Monday, May 12, 2014

As a near-miss inflames debate, uncontrolled use of drones is 'a modern version of the Wild West'

The number of drones flying the friendly skies is increasing. In March, a commercial jet pilot reported that he nearly collided with a drone, inflaming arguments between the Federal Aviation Administration and drone users about the legality of drone use and what the future holds for unmanned aircrafts, Jack Nicas and Andy Pasztor report for The Wall Street Journal. To make matters worse, some drone users have shown an unwillingness to follow any rules, and the FAA has not served as an effective enforcer. (3D Robotics Inc. drone)

"Some proponents of unmanned aircraft worry that the near-collision could spark a public backlash and perhaps spur U.S. and state regulators to impose tougher restrictions than drone users claim are necessary," Nicas and Pasztor write. "The FAA plans to propose in November, several years later than initially projected, new rules on how small drones could be used legally for commercial purposes. It could take several more years for the rules to become final."

In February the FAA said commercial drone use is illegal, but it doesn't have the ability to enforce the rule. In March, a federal judge dismissed an FAA fine for drone use, and the ruling made it appear that flying commercial drones below 400 feet is legal. Drones have been used in rural journalism, by colleges and law enforcement, and by the energy industry.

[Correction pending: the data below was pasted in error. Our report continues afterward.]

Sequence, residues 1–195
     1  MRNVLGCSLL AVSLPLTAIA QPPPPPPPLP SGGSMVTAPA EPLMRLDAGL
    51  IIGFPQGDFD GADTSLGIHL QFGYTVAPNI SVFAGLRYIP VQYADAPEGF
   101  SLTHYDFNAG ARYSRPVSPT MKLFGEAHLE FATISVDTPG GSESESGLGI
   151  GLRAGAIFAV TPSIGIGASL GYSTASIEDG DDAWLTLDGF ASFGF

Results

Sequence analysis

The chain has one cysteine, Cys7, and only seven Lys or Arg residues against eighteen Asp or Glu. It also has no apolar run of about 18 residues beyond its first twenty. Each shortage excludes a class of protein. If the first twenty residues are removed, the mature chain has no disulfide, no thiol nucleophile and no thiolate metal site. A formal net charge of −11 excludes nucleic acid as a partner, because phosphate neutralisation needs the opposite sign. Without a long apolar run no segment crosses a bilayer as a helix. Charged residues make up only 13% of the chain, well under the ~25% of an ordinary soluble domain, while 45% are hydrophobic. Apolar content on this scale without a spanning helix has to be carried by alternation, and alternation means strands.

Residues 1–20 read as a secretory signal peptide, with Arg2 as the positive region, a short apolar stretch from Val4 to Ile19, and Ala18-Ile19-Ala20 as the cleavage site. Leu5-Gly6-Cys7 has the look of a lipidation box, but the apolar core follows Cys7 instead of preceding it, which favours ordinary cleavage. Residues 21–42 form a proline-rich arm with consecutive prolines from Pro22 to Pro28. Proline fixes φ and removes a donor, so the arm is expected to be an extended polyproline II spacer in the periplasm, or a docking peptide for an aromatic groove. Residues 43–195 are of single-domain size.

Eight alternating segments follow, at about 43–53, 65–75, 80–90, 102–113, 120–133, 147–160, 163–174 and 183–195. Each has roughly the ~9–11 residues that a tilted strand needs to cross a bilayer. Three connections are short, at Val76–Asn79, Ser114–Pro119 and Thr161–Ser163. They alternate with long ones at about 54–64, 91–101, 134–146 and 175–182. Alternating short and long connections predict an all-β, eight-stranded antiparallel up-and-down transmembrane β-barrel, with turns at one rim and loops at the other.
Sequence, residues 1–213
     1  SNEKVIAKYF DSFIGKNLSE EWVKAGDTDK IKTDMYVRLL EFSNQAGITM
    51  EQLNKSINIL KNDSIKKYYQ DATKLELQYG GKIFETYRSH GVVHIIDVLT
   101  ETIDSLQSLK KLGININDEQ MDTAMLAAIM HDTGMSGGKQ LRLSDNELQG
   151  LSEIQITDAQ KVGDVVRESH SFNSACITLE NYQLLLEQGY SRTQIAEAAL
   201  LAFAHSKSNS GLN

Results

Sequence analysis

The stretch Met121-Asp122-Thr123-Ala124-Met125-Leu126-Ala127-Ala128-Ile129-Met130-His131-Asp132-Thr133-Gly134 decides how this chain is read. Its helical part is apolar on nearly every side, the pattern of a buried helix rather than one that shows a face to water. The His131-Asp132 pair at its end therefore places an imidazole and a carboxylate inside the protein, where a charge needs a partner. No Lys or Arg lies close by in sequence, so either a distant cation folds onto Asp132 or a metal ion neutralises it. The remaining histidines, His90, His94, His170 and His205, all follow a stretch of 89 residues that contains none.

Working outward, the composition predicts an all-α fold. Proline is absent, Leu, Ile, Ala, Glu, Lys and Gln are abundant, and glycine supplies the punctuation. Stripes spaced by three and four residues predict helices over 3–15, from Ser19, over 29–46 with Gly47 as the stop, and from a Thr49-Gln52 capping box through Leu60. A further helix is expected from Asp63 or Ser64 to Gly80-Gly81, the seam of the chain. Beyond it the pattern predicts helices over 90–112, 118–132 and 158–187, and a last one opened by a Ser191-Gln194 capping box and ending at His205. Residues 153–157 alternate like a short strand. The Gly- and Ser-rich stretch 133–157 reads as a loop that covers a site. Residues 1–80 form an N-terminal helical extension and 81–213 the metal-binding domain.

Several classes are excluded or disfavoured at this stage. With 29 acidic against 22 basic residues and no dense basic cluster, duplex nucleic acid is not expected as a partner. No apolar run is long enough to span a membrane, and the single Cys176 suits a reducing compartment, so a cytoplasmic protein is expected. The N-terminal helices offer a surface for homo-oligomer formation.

Matt Waite, a University of Nebraska-Lincoln professor who runs a drone-journalism program that got a cease-and-desist letter from the FAA last year, told the Journal that the fear is that the "longer it takes to have the rules of the road in place, the more the technology advances and the cheaper it gets, the closer we get to some knucklehead doing something dumb and hurting someone."

The FAA seems to be allowing drone use in farming because they consider farmers hobbyists, Nicas and Pasztor write. The FAA's attempts to enforce rules have been ineffective. For example, in January the FAA emailed an Orlando drone company that films concerts and television commercials to say they were violating FAA policy. The owner said he ignored the email, and the FAA has yet to follow up.

One federal official told the Journal: "Fewer and fewer people seem deterred by threats. Nobody is asking the FAA how to proceed, so it's turned into a modern version of the Wild West where some people think anything is OK."

The FAA "estimates there could be as many as 7,500 drones in U.S. skies within five years of the new rules. People in the unmanned aircraft industry say that estimate is far too low," Nicas and Pasztor write. Chris Anderson, chief executive of California drone maker 3D Robotics Inc. said "he sells about 2,000 autopilot systems a month to customers around the world who want to build their own drones." Anderson noted that one Chinese company sells at least 10 times that many. (Read more)

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